Monday, March 5, 2012


Once upon a time, long, long ago…around four hundred years ago, to be exact, there was a distant land called Mianwali. Two of the tribes were fighting a long, drawn-out war. 800 lives were lost and no end was in sight. At that point both tribes saw that the conflict was not going to end well for either side and decided that a compromise should be reached where either side can call a cessation of hostilities. So naturally, some asinine genius suggested that they should each give women to the other side as a token of their “good faith.” And the rest of the asinine geniuses agreed. And thus was born the disgusting tradition of Vani.
This story in itself is tragic enough, but the horror intensifies when we realize how prevalent it is in this day and age. A shameful incident, which should have been strangled at birth grew and blossomed, blatant, repeated and unchecked.
This is a country that boasts female political leaders, ambassadors, educators, activists, doctors, lawyers….the list goes on. On the flip side of this progressive façade is the complete annihilation of women’s dignity and integrity on multiple levels. Women are traded like animals. Once traded, they loose all identity all hope. Their basic rights lie at the mercy of their masters.
Infant girls are traded as  acts of rectification or a gestures of reconciliation. How does a country with any kind of discernible judicial system stand impotently by and do so little to erase this damning tradition?
In Pakistan, all indicators of violence are present: poverty, discrimination, ignorance and social unrest.  We can blame one or all of them. But in my opinion, it is the cultural forces and their advocates that are the enemies of women’s dignity and freedom. The tribal leaders who defend these traditions claim that methods like Vani conserve peace and prevent bloodshed but in reality their main function seems to be the preservation of male domination and the total and complete subjugation of women.
Pakistan has laws against all violence against women and it consistently makes feeble attempts to bring the detractors to justice. But even if one abuser goes unpunished, it is inexcusable. It should be acknowledged as a failure of justice, not as a “well, we tried!” scenario. Women are kept away from education and enlightenment. They are brought up to be docile and submitting through conditioning. They are kept away from outside influences and they believe that once they step out of their homes in search of help, they will suffer a more horrible fate than what they are going through now.

The lawmakers in Islamabad have failed their most vulnerable citizens once again! Women are bound with the chains of financial dependence and poor education and these bindings are enforced by violence from the very people who should be protecting them.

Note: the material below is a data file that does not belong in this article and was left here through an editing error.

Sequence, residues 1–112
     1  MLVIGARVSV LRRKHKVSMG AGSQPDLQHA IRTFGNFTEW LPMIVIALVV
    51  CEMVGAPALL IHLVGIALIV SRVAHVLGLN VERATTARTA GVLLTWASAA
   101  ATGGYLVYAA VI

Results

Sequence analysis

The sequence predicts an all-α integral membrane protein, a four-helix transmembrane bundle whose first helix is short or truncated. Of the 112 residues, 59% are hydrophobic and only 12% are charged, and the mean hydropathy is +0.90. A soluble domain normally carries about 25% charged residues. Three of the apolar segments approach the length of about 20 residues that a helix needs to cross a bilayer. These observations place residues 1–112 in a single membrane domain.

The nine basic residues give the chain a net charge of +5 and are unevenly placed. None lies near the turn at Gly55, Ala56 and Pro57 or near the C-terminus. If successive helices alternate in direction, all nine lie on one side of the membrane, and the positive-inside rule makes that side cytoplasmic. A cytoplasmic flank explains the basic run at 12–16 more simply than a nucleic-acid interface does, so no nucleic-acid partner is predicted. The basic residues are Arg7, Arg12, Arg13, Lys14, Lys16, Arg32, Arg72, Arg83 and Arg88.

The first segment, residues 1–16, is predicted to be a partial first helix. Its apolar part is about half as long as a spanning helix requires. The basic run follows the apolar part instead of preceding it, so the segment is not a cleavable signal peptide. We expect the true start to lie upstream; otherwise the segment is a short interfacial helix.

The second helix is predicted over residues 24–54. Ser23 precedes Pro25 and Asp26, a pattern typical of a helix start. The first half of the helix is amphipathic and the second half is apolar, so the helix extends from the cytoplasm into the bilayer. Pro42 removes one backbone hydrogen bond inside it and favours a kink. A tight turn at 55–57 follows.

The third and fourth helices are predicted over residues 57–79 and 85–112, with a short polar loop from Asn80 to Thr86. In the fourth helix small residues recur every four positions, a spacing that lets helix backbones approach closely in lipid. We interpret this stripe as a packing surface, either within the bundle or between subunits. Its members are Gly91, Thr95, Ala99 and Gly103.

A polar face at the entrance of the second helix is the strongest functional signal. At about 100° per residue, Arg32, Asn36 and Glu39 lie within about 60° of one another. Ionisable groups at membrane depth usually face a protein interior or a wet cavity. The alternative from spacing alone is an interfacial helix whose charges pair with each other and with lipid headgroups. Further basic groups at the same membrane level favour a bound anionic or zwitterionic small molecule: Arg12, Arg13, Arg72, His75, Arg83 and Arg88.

Female empowerment is not a curse. It is latent potential waiting to explode. How can a country ever hope to prosper when it tells its women that they are not worth saving? That their life, their dignity, their honor bear no value? They are degraded from the day they are born and become prisoners of “the apartheid of gender,” a term coined by James P. Grant, the former executive director of UNICEF.
Then comes along a news article -- a blog or an Oscar Award winning documentary -- that picks at a scab and exposes the oozing reality of the unreported and ignored violence, which is part of the culture of Pakistan. The world sees it. Let this spur us on out of our apathy and compel us to erase these shameful traditions which have no place in a progressive society.
People who are dedicating their lives to abolish this heinous practice have stated time and time again that reform of the Vani laws and greater commitment from local authorities are crucial for ending the custom.
My question is to the sons of Pakistan and especially to PTI’s Imran Khan, a Mianwali native and a self-proclaimed champion of the masses: do you not hear their cries? The women of Pakistan demand to be saved. They don’t need you to beat a path of gold for them so they can walk up to the door of success. They can do that all by themselves! All they need is for someone to stand in front of them long enough so that they can take that first breath of freedom without choking on sorrow. Once they are on their feet, watch them stand with you and transform this country into the heaven that it was meant to be, when the founders first started fighting for it!  


  1. Yet another mind boggling masterly written blog by the author. I'm impressed with the depth and clarity of thoughts and even more impressed with how beautifully those thoughts were penned down on the paper. Keep up the good work.

    1. Thank you ibadrehman. Your comments are very kind.

  2. Replies
    1. Thank you so much Maliha Khan. Keep these conversations going.